Dress: People in Puerto Rico are very conscious of their appearance. Whereas some cultures are laid back in their approach to clothing or hair styles, Puerto Ricans prefer to make positive statements through the use of designer clothing and accessories, paired with fresh haircuts and manicures. Women often dress up and apply make-up to run errands. Men also pay attention to their image. They buff their shoes, starch their shirts, and do a considerable amount of “man-scaping.” If you are ever confused about what to wear to an event, it is recommended to be over-dressed rather than under-dressed.

Food: One of the best things about living in a new culture is trying the different foods. Use this opportunity to try local seafood, plantain side dishes, rum drinks, and custard desserts. Stop at a roadside stand for alcapurrias, bacalaitos, empanadas, or piononos. If you’d rather fill up on fruits than fried foods, there are plenty to choose from as well. Mangos, papayas, pineapple, and guava are widely available depending on the time of year and make great fruit smoothies. Desserts range from flan (vanilla, cheese, guava, among others) to tres leches (3-milk cake) to arroz con dulce (sweet rice). Be adventurous! Try them all!

Holidays: Celebrations are rampant. Anything, small or large, can cause people to gather and toss back a few. If, however, you’re celebrating a major event, months worth of planning may take place prior to the big day. Such celebrations include: your baby’s first birthday and christening, your daughter’s 15th birthday (quinceañera), or a wedding. Such grandiose celebrations can cost in the tens of thousands of dollars. Some may see this as a waste of money, but in Puerto Rico such lavish parties are commonplace. Of course not everyone has the money for events like this but for those who do, giving their child the best party ever is paramount on their minds.

 

For more tips and advice on relocation in Puerto Rico, keep reading our blog! More relocation tips are soon to follow! We share what we know to help you through each step of the relocation process.  Feel free to comment and to share your experiences as well! We look forward to hearing from you!

Don’t forget that we are offering FREE CONSULTATIONS for Spanish lessons for both adults and children until September 15, 2012. Contact Global Perceptions TODAY for an appointment! Visit www.globalperceptions.net or call 787.455.7764.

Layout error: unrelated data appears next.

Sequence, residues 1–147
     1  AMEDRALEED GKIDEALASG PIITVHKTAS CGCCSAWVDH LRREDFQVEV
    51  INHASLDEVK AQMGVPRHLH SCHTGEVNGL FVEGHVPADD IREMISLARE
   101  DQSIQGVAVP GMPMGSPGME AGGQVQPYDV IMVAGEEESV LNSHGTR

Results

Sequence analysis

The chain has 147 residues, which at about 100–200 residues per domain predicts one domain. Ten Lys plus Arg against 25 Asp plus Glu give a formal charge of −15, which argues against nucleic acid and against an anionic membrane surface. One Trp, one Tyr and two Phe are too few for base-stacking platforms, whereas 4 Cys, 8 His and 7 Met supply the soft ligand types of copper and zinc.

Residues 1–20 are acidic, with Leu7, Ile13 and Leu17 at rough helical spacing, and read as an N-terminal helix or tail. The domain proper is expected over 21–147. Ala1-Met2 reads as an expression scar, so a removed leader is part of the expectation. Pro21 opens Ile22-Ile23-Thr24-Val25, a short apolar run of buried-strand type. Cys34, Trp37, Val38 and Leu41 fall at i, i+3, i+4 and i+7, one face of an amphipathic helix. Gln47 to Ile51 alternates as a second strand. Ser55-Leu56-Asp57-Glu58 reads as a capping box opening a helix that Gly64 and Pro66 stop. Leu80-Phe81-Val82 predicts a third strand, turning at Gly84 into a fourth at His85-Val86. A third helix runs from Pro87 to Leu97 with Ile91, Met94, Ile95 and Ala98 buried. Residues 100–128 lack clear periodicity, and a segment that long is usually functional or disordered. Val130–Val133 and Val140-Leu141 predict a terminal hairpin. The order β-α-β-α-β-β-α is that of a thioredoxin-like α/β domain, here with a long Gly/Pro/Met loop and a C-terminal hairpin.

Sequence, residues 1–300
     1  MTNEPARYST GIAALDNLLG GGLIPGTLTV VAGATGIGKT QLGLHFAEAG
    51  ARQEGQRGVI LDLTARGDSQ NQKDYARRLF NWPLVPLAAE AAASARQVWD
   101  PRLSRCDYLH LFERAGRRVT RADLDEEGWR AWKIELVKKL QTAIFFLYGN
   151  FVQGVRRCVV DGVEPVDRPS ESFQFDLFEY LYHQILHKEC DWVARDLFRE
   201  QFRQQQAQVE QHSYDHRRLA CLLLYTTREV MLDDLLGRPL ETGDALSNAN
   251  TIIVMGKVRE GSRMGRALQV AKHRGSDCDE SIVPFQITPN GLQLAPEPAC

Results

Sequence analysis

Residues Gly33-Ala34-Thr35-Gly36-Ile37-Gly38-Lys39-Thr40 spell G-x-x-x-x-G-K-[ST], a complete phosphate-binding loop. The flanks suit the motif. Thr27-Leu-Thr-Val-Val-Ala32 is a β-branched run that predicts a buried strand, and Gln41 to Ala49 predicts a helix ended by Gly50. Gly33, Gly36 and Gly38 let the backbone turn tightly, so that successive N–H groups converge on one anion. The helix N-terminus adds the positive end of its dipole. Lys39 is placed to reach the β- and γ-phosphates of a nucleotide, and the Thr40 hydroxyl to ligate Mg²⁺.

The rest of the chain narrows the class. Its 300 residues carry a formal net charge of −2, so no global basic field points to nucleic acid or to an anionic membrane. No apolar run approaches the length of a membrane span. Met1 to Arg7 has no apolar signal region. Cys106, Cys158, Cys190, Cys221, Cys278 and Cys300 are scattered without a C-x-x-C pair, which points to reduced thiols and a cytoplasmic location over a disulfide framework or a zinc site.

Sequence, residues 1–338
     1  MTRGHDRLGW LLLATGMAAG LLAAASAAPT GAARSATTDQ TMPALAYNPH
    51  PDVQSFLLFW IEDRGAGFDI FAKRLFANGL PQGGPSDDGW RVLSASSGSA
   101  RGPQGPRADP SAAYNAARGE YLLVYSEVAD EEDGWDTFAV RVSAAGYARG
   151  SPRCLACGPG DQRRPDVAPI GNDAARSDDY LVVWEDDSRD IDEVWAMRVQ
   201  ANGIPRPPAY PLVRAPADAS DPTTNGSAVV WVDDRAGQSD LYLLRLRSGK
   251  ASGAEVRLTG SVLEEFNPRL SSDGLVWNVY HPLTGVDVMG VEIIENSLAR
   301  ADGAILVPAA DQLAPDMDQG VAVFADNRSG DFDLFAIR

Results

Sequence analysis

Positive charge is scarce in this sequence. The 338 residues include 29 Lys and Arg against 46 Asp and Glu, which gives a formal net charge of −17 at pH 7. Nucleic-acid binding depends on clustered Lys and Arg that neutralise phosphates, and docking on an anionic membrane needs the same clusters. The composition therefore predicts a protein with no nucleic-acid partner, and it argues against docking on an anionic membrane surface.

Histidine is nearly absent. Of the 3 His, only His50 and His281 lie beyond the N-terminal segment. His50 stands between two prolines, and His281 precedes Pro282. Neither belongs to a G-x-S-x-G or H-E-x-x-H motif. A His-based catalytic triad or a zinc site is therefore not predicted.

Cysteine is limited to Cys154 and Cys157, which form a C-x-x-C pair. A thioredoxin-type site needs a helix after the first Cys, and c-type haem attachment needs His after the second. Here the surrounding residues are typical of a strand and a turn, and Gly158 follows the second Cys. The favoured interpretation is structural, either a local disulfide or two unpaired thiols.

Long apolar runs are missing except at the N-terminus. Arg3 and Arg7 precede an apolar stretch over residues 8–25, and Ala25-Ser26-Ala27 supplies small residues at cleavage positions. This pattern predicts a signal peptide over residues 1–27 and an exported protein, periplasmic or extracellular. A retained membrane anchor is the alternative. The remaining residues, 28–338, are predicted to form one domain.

Are You Hurricane Ready? Five Tips to Help You Prepare

If you have never experienced a hurricane before, the first announcement that one is headed toward you can be unnerving. If you were in that situation, would you know what to do? Those new to the Caribbean, and Puerto Rico in particular, should prepare themselves and their family members for such cases. Here are some tips and advice to help your family be ready.

1.      Prepare your outer home

In the event of a hurricane, you want to begin preparations to your home as soon as possible. Bring in all objects that could become flying hazards such as patio furniture,
garbage cans, potted plants, and grills
. If you have no place to put them indoors, make sure they are tied down.

Check the gas supply for your generator. If you are fortunate enough to have a generator, contact your gas supplier early in the season and keep the tank full. Suppliers may run out or not be able to visit for several days due to the high call volume if you wait until the last
minute.

Check your windows. Invest in storm shutters if possible. If not, have wood and nails on hand to board them up.

Contact the authorities if you have trees near power lines. Ask for them to be cut down or removed to prevent lines from falling on your property. If you have issues like this, call the electric company early and often to get someone there before the hurricane season really kicks up.

Clean out drains near your home to allow for proper drainage. Heavy rains can cause rapid flooding, but if the drains are clear, this will help.

Consider harvesting fruits from the trees on your property as they too can become dangerous projectiles.

2.      Prepare your inner home

Most people run to the supermarket within seconds of hearing that a hurricane is coming. Bottled water and canned goods will run out quickly. Your best option, assuming you have the space to do so, is to keep such products on hand year-round. Stock bottled water, canned fruits and vegetables, nuts, juices, powdered milk, snacks, and granola bars.

Take a good look at what’s in your refrigerator and freezer. If the power goes out, how much will you lose? If you can cook things ahead of time, you’ll be able to store them longer on ice, causing you to lose less.

Keep battery operated flashlights and radios on hand as well as candles, matches, and extra batteries. Fill your propane tanks too so that you can cook.

Make a hurricane first aid kit with: bandages, antiseptic sprays, peroxide, anti-itch cream, anti-inflammatory products, ibuprofen, acetaminophen, ice packs, stomach relief medicines, bug spray, and any prescription medications.

Wash clothes before the storm hits to ensure that you have clean clothes in case the water goes out. Encourage your family members to bathe before the storm really hits for the same reason. Invest in wet wipes and facial cleansing cloths to use if you have no water.

Purchase cleaning products ahead of time. Bleach cloths, antiseptic soaps, and sanitizers can keep bacteria from growing in the humid climates.

Be sure that cellular phones and computers are charged. Limit the amount of time you use them in the event that you need them for an emergency.

Unplug major appliances to prevent severe shocks and damage.

3.      Prepare your children

Children will likely be out of school for several days in the case of a strong hurricane. Without electricity, water, or cable, they become bored quickly. Make sure you have games, puzzles, books, and activities on hand to keep them occupied.